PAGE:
Today, innumerable Chinese citizens flock to local cities for work, but go unmonitored by the government.  As a result, they don’t pay any form of income taxes.  This tax-population imbalance puts a massive strain on public entities – such as roads, buses, other means of transportation, and public safety authorities like the police and fire departments.  There are too many people and not enough tax returns.  In order for the system to be effective, when the Chinese immigrants come to work in the cities, a system of documentation must have been established in order to collect taxes from every single individual.  By allowing these rural urban-goers into the cities, China will become more productive, because many will be producing more goods in the cities then they would in the countryside as farmers.  This will raise the country’s real gross domestic product.

Despite the massive influx of rural immigrants, many people will still remain in rural villages.   Therefore, the system of agricultural production currently in practice in the countryside needs to be improved.  Development of a system for educating the farmers on modern farming technologies and techniques will help them become more efficient in agricultural production.  This program will ease  the reliance on child labor in the rural workforce and allow more children to go to school.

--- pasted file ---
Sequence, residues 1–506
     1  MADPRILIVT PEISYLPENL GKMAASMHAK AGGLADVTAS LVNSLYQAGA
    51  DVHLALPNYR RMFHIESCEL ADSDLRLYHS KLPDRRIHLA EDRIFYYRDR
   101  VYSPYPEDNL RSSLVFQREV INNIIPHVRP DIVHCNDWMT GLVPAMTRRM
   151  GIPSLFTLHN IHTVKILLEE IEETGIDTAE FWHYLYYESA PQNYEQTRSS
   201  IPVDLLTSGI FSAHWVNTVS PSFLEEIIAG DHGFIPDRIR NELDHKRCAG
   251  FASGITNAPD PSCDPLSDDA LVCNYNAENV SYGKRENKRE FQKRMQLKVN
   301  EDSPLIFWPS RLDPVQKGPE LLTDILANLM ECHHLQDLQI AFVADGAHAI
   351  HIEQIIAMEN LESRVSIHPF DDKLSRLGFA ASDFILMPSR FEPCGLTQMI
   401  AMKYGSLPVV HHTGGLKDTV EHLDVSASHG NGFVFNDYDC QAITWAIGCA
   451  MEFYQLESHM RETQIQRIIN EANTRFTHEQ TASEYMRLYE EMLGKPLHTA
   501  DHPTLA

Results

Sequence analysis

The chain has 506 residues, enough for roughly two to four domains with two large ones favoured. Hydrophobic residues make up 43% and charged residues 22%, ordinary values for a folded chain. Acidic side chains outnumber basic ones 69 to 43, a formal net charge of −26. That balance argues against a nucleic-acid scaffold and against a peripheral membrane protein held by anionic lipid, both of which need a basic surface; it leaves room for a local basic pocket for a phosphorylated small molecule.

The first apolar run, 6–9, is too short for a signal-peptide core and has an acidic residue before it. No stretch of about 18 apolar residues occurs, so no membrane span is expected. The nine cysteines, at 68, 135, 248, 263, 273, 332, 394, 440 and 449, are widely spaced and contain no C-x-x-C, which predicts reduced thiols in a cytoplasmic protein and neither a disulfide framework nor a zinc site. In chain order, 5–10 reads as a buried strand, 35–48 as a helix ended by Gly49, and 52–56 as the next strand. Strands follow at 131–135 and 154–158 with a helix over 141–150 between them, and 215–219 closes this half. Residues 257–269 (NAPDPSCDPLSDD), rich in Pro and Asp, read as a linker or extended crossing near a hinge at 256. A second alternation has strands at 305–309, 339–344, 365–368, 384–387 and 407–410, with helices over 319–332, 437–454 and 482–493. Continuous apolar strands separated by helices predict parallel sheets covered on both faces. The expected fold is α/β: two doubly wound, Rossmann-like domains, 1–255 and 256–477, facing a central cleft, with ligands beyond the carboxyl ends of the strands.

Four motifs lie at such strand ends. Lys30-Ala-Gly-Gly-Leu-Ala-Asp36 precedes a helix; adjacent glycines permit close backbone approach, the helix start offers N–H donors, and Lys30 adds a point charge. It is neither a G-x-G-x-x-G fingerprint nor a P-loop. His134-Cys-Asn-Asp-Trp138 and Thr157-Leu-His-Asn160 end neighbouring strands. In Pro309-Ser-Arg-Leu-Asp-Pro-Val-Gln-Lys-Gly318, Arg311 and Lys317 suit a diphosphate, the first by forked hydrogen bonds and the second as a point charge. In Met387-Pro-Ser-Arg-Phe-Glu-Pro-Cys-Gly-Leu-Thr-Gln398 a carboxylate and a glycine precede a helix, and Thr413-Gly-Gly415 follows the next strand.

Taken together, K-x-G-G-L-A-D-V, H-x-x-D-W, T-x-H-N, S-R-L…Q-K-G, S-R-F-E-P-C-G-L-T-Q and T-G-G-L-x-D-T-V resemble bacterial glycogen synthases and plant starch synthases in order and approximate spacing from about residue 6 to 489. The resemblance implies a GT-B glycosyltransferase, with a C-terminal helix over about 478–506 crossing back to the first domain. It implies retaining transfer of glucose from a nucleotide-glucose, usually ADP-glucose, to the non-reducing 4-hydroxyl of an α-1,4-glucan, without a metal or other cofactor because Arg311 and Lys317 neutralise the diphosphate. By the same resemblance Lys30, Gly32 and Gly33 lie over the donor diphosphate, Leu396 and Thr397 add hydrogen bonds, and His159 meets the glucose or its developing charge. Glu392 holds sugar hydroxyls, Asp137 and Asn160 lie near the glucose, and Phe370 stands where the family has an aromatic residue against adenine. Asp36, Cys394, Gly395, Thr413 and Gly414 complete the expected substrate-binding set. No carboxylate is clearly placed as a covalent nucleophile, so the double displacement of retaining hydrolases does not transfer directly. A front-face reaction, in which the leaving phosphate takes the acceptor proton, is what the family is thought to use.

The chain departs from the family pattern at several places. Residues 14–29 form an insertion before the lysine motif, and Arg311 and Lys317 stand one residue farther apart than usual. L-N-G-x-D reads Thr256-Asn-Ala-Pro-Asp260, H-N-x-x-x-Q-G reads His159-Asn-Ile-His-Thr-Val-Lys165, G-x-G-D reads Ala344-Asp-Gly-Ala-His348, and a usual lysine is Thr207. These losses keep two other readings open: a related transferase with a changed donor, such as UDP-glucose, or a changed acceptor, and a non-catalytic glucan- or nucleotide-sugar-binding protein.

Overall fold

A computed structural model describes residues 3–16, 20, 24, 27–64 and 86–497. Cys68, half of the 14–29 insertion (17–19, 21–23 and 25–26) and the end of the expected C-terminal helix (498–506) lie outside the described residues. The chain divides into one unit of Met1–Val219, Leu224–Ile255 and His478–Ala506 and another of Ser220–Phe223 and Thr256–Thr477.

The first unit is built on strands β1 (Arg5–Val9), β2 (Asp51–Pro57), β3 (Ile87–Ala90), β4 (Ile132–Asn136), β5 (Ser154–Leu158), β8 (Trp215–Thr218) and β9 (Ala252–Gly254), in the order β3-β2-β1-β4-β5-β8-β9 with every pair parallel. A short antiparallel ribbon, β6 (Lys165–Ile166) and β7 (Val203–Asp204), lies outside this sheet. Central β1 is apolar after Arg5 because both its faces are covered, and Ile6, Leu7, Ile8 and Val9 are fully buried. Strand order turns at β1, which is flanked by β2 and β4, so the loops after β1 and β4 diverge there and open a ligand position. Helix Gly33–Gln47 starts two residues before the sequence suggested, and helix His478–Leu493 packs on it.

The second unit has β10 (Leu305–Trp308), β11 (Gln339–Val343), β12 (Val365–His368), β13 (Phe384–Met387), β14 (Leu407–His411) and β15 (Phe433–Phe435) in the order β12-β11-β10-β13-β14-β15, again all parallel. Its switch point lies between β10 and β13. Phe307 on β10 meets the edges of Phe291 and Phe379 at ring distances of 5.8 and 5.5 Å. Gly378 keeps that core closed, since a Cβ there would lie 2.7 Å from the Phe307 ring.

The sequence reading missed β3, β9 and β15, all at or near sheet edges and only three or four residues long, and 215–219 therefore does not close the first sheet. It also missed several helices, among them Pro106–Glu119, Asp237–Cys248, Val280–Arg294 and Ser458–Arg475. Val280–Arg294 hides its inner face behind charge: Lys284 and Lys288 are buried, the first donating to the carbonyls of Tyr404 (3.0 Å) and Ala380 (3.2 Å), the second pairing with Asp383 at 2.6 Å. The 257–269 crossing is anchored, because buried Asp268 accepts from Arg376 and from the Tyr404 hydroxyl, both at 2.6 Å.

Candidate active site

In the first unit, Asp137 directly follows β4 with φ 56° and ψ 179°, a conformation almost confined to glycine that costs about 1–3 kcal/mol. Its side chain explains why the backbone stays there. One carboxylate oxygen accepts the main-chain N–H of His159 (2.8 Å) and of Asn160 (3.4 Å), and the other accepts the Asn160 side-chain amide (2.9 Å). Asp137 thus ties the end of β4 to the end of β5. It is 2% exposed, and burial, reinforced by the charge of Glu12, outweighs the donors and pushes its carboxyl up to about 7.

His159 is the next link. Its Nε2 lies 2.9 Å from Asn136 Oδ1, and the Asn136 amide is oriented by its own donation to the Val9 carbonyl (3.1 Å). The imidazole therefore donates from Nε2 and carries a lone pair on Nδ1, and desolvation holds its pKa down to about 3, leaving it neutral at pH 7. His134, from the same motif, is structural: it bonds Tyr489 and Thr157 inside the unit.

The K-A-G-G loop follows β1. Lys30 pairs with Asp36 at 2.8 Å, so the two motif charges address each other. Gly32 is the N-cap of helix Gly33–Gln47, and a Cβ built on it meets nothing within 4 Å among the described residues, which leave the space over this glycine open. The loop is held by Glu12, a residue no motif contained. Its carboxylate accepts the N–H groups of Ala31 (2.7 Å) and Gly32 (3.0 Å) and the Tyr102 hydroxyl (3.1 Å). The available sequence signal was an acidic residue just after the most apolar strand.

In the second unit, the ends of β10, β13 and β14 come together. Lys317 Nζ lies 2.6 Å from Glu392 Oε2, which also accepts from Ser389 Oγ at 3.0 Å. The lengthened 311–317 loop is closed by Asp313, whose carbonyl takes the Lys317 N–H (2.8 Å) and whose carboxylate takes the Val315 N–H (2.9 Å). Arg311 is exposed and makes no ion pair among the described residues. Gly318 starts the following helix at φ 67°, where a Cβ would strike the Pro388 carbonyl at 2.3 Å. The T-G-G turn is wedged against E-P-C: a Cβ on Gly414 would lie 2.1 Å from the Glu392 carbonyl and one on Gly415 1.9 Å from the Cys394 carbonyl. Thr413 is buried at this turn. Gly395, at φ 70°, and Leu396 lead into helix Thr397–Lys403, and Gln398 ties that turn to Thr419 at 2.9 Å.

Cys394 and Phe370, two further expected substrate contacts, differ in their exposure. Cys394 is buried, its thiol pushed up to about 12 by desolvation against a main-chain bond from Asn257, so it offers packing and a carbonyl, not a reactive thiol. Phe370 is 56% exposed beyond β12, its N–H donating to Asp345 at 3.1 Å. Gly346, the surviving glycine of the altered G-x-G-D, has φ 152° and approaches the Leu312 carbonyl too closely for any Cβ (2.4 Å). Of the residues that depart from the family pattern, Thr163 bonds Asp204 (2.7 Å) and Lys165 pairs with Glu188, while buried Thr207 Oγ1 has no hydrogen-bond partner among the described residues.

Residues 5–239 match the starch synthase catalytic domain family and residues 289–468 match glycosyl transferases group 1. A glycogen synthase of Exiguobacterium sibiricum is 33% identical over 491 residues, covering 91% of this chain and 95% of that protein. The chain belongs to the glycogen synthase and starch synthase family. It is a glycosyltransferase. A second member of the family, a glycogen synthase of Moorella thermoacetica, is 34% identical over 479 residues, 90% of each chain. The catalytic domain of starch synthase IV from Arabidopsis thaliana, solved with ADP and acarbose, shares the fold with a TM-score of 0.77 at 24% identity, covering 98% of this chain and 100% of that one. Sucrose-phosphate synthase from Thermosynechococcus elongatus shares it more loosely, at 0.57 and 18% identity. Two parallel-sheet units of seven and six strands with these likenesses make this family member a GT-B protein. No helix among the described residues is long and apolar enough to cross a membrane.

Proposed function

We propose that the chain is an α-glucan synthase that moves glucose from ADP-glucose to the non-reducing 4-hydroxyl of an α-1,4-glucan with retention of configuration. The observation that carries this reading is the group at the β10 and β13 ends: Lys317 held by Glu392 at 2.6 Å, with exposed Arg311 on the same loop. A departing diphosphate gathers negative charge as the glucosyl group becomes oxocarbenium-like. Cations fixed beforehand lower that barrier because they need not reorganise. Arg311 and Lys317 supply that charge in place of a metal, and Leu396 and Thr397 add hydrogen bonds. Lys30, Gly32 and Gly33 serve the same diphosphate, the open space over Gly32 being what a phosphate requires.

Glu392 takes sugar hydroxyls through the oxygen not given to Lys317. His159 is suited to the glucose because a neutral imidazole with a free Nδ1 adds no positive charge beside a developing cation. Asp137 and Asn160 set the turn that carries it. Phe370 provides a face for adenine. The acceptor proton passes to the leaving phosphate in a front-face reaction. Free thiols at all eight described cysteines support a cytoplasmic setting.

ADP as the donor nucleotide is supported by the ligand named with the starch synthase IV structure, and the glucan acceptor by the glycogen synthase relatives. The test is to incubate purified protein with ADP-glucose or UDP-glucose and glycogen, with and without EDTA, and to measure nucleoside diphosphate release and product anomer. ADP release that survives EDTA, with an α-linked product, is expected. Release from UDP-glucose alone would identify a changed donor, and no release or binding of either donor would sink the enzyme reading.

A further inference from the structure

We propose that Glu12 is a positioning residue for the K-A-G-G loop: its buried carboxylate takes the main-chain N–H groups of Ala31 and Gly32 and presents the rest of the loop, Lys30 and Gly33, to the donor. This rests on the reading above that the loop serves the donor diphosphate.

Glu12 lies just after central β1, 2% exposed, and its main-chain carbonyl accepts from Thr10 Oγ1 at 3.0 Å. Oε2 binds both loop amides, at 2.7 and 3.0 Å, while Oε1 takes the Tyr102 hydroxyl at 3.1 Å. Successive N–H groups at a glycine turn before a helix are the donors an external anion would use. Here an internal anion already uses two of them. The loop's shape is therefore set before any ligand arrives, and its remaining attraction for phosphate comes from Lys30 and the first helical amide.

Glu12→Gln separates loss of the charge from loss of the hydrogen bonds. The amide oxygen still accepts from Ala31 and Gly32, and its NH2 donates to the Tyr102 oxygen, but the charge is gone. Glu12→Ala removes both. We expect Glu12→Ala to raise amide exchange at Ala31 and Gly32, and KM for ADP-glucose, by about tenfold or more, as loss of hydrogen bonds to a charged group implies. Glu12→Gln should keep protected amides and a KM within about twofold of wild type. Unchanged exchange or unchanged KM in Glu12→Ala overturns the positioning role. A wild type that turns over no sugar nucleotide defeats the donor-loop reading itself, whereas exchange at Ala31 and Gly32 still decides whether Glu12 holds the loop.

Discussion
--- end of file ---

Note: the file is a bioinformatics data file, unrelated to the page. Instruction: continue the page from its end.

Along with the establishment of an agricultural school, a water retention system must be developed in the villages.  This fashion of machinery will be cheaper than the water pumps already operating in the cities.  Water retention technology will allow farmers to hydrate their dry land.  Along with educating the people on new agricultural technologies, farmers should be taught about the basics of trade and other simple economic ideas.  Similar to an elementary macro-economics course, the farmers will earn how to trade their goods and remaining crops in the marketplace to return a profit.  Such basic skills will help the farmers develop a life with an expendable income.